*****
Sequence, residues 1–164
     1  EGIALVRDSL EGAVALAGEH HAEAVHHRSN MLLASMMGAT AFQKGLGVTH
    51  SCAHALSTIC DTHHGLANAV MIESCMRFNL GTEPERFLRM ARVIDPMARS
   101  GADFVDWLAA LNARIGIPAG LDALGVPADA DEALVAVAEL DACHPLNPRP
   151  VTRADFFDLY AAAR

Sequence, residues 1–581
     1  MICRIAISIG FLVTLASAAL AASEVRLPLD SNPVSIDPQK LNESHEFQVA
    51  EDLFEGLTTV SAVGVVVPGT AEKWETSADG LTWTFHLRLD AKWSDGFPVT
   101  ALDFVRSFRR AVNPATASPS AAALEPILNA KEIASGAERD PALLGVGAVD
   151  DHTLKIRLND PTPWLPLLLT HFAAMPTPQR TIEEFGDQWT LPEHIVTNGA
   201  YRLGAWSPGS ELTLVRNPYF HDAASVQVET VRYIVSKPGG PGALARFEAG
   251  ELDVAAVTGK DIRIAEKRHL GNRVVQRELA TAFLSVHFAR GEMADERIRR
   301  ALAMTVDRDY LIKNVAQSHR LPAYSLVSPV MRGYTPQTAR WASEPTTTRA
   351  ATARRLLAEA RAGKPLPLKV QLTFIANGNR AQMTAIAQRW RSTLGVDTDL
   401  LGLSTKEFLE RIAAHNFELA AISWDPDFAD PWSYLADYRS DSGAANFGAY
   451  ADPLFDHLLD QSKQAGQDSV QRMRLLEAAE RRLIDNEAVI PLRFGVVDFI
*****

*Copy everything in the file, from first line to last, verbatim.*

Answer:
Sequence, residues 1–164
     1  EGIALVRDSL EGAVALAGEH HAEAVHHRSN MLLASMMGAT AFQKGLGVTH
    51  SCAHALSTIC DTHHGLANAV MIESCMRFNL GTEPERFLRM ARVIDPMARS
   101  GADFVDWLAA LNARIGIPAG LDALGVPADA DEALVAVAEL DACHPLNPRP
   151  VTRADFFDLY AAAR

Sequence, residues 1–581
     1  MICRIAISIG FLVTLASAAL AASEVRLPLD SNPVSIDPQK LNESHEFQVA
    51  EDLFEGLTTV SAVGVVVPGT AEKWETSADG LTWTFHLRLD AKWSDGFPVT
   101  ALDFVRSFRR AVNPATASPS AAALEPILNA KEIASGAERD PALLGVGAVD
   151  DHTLKIRLND PTPWLPLLLT HFAAMPTPQR TIEEFGDQWT LPEHIVTNGA
   201  YRLGAWSPGS ELTLVRNPYF HDAASVQVET VRYIVSKPGG PGALARFEAG
   251  ELDVAAVTGK DIRIAEKRHL GNRVVQRELA TAFLSVHFAR GEMADERIRR
   301  ALAMTVDRDY LIKNVAQSHR LPAYSLVSPV MRGYTPQTAR WASEPTTTRA
   351  ATARRLLAEA RAGKPLPLKV QLTFIANGNR AQMTAIAQRW RSTLGVDTDL
   401  LGLSTKEFLE RIAAHNFELA AISWDPDFAD PWSYLADYRS DSGAANFGAY
   451  ADPLFDHLLD QSKQAGQDSV QRMRLLEAAE RRLIDNEAVI PLRFGVVDFI